September 2005 Foreword

Welcome to the September Issue of the Asian EFL Journal. This edition reflects our eclectic editorial policy in that it covers a wide range of topics and writing styles spanning many geographical areas within and beyond Asia. Our journal attempts to attract papers by leading international specialists and by authors writing for the first time in an international academic journal. Some papers are of a practical nature and others are examples of academic scholarship reporting research that is less immediately applicable to the classroom, but which sheds light on areas that are relevant to language acquisition or materials and curriculum planning. Others are designed to stimulate debate on current topics of interest to the profession such as competence in teaching English as an International language and form-focused instruction.

We are delighted to be able present the papers presented at the 2005 Asian EFL International Conference. Mark Helgesen challenges us to consider the idea of input raised by Ellis, in a very practical way, arguing persuasively in favour of extensive reading programmes, and Alex Poole raises the important issue of the precise nature of the benefits of form-focused instruction, suggesting that students, at least in his context, attend to lexical rather than grammatical cues. We are also fortunate to have a practical piece by an acknowledged international specialist on teaching vocabulary, Paul Nation.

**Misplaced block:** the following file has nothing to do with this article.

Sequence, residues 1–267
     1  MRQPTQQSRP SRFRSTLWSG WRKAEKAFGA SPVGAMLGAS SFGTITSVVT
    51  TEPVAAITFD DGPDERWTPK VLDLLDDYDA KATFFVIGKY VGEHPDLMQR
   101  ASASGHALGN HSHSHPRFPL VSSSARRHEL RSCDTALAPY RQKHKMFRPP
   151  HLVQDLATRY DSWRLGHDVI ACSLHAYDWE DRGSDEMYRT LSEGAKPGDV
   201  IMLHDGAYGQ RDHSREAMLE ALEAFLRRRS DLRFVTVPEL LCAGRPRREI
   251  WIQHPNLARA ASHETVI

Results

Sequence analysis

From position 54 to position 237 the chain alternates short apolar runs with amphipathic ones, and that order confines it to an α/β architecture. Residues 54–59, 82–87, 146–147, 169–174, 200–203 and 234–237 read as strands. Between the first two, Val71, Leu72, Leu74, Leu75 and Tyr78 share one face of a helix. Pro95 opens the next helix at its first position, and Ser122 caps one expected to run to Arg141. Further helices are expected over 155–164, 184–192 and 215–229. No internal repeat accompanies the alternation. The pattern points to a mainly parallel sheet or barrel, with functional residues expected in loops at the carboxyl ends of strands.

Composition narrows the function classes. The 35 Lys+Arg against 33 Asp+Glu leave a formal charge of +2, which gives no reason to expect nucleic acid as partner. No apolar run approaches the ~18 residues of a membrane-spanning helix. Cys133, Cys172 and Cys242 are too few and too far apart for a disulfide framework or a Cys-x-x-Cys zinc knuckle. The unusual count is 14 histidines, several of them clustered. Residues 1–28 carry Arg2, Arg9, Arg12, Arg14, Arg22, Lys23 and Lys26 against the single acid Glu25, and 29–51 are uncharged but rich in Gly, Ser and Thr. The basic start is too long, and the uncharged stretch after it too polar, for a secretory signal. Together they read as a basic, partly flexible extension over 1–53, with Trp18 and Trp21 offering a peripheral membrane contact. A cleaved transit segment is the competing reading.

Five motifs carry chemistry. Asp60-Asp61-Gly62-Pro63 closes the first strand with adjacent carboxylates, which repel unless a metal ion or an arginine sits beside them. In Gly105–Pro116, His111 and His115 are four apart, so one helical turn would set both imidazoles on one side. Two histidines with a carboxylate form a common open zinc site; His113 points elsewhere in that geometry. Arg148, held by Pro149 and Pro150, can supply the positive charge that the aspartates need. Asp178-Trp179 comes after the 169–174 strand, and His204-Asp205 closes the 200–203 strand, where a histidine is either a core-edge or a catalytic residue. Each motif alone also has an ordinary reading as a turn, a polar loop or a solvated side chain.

Helping to edit this journal requires many hours at the computer, often in one enclosed location, but fortunately provides the vicarious pleasure of online travel to our expanded and overworked editorial team of volunteers. We have discovered with Yang et al. the value of collaborative e-learning in a Hong Kong middle school. Ali Al-Issa’s piece from Oman is a refreshing example of a more narrative style of writing, while Esmat Babaii and Hasan Ansary from Iran provide us with an example of meticulous and detailed scholarship in the systemic linguistic tradition. From Vietnam, Na Pham leads us skillfully into the intricacies of topic-comment structures in Vietnamese illustrating the difficulties of translating these into subject-predicate structures in English, whereas Phan Le Ha challenges us to consider the complex issues surrounding the characterization of English as an International English. Ahmet Acar from Turkey revisits the linguistic/ communicative competence controversy and my own piece is designed to present a challenge to future Asian EFL authors by raising the issue of competence in relation to English learnt as an international language. We would welcome contributions on this topic for future issues and would also like to develop our teaching section. Papers that have direct classroom relevance, descriptions of classroom approaches and rationales of curriculum and materials design would be most welcome.

Dr. Roger Nunn, Senior Associate Editor